When the current generation of seniors was growing up, only 2.8% of Americans over the age of 50 were divorced. Expected lifespans were shorter and people stayed in their marriages longer. Since then, however, increased longevity has been proven to lead to a higher divorce rate. While divorce on the whole has declined in the last decade, for couples over the age of 50 the divorce rate is climbing.
A study conducted at the National Center for Family & Marriage Research at Bowling Green State University showed the divorce rate for older couples has doubled since 1990. Instead of custody battles and child support, these divorcees face questions of financial stability in retirement. After attorneys, financial planners and taxes, divorce costs can cripple retirement plans.
Sociologists have labeled this group “gray divorcees,” and their concerns are unique. Many women of the Baby Boomer generation dedicated themselves to their husbands’ careers. A fair divorce settlement for these stay-at-home Moms is the only way to secure a retirement.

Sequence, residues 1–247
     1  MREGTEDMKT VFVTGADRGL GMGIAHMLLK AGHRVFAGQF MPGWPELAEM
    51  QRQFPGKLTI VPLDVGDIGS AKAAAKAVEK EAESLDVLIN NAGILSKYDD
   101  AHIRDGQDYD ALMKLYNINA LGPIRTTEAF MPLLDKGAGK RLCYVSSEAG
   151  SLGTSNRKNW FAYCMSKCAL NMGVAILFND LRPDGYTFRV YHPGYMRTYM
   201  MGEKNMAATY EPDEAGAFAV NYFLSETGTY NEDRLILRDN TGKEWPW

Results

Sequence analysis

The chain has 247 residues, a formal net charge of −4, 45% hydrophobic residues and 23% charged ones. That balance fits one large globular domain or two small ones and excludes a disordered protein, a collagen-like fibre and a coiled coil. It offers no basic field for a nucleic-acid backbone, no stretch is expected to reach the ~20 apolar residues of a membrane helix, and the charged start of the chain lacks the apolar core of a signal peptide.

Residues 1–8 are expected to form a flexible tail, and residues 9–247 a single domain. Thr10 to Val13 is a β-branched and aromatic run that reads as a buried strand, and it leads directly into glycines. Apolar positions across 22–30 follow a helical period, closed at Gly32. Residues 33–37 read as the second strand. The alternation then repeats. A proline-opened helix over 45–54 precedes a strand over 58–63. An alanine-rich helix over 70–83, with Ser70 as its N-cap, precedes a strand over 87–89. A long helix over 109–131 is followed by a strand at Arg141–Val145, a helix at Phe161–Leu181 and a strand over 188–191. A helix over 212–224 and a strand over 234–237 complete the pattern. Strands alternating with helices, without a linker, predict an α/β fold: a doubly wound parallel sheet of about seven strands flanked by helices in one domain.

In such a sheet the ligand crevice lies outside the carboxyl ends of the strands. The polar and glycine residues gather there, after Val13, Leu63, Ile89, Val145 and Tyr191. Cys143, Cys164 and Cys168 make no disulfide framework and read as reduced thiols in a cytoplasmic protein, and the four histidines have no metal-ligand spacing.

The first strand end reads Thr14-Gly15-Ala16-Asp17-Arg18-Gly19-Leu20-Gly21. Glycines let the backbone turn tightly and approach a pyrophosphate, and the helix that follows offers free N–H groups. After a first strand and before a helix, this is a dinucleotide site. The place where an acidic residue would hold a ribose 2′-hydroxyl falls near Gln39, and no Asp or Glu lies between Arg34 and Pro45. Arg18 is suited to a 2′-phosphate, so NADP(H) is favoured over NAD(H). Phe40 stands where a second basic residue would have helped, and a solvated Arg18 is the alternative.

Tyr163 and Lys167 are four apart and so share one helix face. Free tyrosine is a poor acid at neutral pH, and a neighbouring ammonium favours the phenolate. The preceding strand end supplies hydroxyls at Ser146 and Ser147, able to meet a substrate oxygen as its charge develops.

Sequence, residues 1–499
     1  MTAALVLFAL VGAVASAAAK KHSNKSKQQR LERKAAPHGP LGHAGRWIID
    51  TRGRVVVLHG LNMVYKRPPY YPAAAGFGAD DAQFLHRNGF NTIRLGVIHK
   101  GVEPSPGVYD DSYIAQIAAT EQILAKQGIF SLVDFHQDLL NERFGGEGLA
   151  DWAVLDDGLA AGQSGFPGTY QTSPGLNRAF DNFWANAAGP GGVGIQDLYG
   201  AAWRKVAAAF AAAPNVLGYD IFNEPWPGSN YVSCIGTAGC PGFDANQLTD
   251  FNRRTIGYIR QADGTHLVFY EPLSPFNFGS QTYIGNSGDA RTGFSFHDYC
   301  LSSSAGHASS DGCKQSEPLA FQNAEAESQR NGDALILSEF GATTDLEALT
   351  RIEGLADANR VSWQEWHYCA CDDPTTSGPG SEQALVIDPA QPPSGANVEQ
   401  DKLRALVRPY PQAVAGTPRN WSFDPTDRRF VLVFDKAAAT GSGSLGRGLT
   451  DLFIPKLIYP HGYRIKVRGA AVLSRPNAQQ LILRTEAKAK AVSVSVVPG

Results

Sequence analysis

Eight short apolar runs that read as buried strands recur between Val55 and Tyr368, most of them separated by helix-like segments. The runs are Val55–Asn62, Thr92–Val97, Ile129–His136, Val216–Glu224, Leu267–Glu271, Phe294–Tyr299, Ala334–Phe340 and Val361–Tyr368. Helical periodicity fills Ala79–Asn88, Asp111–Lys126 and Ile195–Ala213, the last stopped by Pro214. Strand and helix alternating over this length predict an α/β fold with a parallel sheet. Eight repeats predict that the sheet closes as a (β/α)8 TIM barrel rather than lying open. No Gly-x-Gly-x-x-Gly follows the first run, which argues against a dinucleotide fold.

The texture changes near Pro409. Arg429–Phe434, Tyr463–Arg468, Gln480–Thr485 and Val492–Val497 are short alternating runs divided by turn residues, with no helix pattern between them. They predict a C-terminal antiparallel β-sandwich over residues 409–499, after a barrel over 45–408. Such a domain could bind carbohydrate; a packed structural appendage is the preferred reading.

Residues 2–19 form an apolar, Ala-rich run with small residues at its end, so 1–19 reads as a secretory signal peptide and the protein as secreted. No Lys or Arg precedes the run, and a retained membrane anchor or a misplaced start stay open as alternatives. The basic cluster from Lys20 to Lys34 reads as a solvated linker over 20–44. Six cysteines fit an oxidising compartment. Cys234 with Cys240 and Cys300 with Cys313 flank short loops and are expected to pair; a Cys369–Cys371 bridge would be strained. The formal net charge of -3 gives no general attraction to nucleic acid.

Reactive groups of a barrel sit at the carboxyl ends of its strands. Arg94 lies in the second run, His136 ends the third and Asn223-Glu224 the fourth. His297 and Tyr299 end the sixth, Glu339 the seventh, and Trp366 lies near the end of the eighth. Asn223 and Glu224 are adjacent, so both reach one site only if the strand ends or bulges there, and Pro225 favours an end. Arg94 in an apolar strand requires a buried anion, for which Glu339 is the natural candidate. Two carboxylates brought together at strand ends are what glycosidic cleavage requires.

Divorce in Later Life: What Indiana Seniors Should Know
Experts suggest hiring a financial planner before seeking counsel from a divorce lawyer. Remember, dividing these assets between two people can mean less money for each after they’re taxed. It’s important to know what you have going in.
Senior couples who get divorced must navigate tricky retirement obstacles. A lengthy period of jointly accumulating assets causes messy financial separations. Older adults getting divorced face the loss of their Social Security, pension plans and IRAs.
- Pensions and Divorce
In today’s workforce, pensions are on the verge of extinction. However, many of those currently considering retirement are fortunate enough to own one. You may choose to start by assessing its value.
Pensions are valued through a process called, actuarial analysis. Typically this is done when a portion is earned before marriage. After an analysis, the couple can determine to what portion the non-participant has access. Or they are split by an agreed upon ratio.
- Other Savings & Investment Accounts
Balances on IRAs and 401(k) accounts are a bit different. These are based on the accrual of assets that fluctuate in value. Your 401(k) may be worth “X” amount of dollars at the time of the agreement and “Y” by the time it is harvested.
Finally, if you pay into Social Security, your spouse likely has a claim to those benefits. A marriage lasting ten years or more avails spouses to one another’s benefits. If your marriage falls short by even a few months, you do not qualify.